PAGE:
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Bird flu hits India

40,000 chickens have died in Maharashtra the past week no human cases so far

india Updated: Feb 25, 2006 18:57 IST
Sanchita Sharma and HT Correspondents
Sanchita Sharma and HT Correspondents

Bird flu has struck India. Nearly 40,000 chickens have died in farms in the Navapur tehsil of Maharashtra's Nandurbar district over the past week. The central goverment's hi-tech High Security Animal Disease Laboratory in Bhopal has confirmed that eight birds from Navapur were killed by the H5N1 strain of the bird flu.

Though no human cases have been reported, a team of scientists and doctors from the National Institute of Communicable Diseases in Delhi and the National Institute of Immunology (NIV) in Pune is doing door-to-door surveys in Nandurbar to determine if anyone has been in close contact with the birds or has symptoms. Blood samples of five people from the area have been sent to NIV and the results are expected by Monday.

Even as the Union cabinet secretary met the secretaries of the home, health, animal husbandry, environment and agriculture ministries to re view contingency plans to stop the virus from spreading, Food and Agriculture Minister Sharad Pawar ordered action. Each of the estimated three lakh chickens in the 10 sq km area where the virus was found will be exterminated. "There is no option" Pawar said.

"I have ordered them to cordon off a 10-km radius area and kill all the birds. The central and state governments will compensate farmers for their losses." Uttam Khobragade, Maharashtra's animal husbandry secretary, said nearly 40,000 chicken had died "over the past 7-10 days", but the deaths had been put down to a viral infection called Ranikhet. District officials in Nandurbar were, however, putting a date to the beginning of the outbreak: February 8.

"Birds are dying everywhere," said a farmer from Navapur of his village of 35,000 people. "The disease is spreading like wildfire. The poultry industry looks set to be completely wiped out in this area," said a junior government official on the spot.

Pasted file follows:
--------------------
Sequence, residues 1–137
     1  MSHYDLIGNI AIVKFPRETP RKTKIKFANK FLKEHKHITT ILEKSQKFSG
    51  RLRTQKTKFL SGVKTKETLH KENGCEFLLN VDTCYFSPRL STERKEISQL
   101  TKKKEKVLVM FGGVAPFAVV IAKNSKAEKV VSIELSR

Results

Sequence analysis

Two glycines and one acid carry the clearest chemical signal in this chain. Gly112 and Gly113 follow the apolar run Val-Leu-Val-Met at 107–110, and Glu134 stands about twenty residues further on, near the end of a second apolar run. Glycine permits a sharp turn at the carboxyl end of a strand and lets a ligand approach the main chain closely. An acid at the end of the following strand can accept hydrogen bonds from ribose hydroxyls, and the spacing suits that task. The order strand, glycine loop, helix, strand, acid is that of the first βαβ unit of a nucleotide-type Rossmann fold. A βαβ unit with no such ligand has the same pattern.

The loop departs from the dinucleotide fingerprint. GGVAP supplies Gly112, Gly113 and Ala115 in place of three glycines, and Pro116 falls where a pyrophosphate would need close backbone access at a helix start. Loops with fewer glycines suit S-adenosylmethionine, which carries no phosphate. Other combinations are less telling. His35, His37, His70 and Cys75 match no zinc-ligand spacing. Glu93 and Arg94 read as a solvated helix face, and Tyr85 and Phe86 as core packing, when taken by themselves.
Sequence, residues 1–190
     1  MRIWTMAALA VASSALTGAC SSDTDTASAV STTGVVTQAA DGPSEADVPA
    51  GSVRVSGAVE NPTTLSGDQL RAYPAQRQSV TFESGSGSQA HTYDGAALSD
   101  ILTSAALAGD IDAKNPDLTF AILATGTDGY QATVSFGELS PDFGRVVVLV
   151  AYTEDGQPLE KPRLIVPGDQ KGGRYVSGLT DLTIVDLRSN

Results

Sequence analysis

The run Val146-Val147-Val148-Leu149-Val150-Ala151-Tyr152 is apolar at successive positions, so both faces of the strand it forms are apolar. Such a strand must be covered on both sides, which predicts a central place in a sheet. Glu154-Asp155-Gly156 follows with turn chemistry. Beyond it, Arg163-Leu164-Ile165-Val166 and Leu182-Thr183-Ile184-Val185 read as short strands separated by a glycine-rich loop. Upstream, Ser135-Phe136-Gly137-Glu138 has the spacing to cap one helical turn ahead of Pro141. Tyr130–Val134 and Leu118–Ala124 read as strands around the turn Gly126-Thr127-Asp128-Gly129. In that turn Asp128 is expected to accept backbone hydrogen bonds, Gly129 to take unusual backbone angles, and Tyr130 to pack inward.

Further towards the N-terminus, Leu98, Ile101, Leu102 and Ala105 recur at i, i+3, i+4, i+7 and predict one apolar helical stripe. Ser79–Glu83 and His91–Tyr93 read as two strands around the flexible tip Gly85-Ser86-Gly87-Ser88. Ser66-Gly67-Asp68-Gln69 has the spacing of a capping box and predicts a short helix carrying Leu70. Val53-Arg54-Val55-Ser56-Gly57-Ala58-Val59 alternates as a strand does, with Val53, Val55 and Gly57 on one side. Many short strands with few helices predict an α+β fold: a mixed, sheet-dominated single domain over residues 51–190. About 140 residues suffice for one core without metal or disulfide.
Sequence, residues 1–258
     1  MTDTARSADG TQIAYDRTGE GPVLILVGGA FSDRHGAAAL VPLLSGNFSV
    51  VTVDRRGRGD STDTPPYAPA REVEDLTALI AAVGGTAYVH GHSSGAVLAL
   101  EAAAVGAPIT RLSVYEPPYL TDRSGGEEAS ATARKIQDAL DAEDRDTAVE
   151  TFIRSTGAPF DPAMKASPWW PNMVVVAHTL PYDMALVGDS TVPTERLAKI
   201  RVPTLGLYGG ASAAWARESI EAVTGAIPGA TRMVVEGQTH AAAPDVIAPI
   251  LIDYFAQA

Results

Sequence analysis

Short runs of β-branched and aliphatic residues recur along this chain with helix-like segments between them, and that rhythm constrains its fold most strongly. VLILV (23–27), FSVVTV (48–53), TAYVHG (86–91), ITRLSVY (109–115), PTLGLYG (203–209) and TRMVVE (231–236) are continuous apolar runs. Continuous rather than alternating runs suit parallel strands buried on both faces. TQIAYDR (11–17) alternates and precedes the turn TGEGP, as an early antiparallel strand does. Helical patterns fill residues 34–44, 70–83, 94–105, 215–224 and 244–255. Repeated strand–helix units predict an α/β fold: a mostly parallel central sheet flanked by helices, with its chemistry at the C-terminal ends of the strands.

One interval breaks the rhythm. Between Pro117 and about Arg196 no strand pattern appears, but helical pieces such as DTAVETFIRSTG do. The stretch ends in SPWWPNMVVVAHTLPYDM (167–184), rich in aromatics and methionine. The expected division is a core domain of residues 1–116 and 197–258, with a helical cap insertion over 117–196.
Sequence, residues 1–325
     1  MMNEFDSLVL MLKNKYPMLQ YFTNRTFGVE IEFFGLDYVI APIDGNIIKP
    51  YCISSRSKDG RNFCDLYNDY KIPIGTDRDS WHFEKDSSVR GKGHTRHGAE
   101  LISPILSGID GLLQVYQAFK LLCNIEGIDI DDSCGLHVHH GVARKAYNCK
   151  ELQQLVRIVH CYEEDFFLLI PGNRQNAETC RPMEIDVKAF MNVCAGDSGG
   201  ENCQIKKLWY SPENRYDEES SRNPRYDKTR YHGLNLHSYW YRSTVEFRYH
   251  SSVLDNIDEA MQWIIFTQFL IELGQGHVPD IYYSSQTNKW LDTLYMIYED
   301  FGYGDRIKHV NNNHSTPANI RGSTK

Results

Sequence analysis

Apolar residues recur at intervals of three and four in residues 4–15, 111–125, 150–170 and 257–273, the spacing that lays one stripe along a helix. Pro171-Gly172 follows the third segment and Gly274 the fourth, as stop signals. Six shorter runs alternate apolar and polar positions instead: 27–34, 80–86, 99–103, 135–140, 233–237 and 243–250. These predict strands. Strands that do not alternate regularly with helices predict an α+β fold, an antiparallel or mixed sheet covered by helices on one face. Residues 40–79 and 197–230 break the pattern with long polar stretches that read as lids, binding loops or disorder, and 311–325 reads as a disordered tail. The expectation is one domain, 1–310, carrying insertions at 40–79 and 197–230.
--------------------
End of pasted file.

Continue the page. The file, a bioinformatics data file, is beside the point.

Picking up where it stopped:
Since it was first detected in poultry in Asia in 2003, the H5N1 bird flu virus has infected 169 people and killed 91 in Turkey, Iraq, Nigeria, Cambodia, China, Indonesia, Thailand and Vietnam. And the virus is spreading among humans: in 2006 alone, 25 cases and 15 deaths have been reported in humans, up from 3 cases — all of whom died — in 2003.

Is India prepared to deal with a disease outbreak? Health minister Anbumani Ramadoss says contingency plans are in place. "The Centre has boosted surveillance, set up containment measures and treatment guidelines, identified district hospitals for treatment, and procured anti-viral drugs. India has also procured antivirals through the WHO, while Indian pharmaceutical companies are also developing these drugs in India," says health minister Anbumani Ramadoss. The animal husbandry department is already doing random checks of birds for H5N1 by collecting blood samples of poultry from markets and sending it for testing.

Union health ministry officials say there is no need to panic. "The only confirmed cases reported till now have been in people who have been in close contact with bird secretions and excretions. Till now, no human to human transmission has taken place anywhere in the world, and we're currently making sure no one has been infected in Maharashtra," says the official.

But the influenza virus' ability to mutate easily has WHO experts worry that the H5N1 pandemic will happen once person-to-person transmission starts. "Of the few avian influenza viruses that have crossed the species barrier to infect humans, H5N1 has caused the most severe disease and death in people, killing over half of those infected," says a public health expert at the WHO South East Asia Region.

(With inputs from Shailesh Gaikwad and Maria Abraham in Mumbai, K.S. Manojkumar in Aurangabad and Sravani Sarkar in Bhopal)

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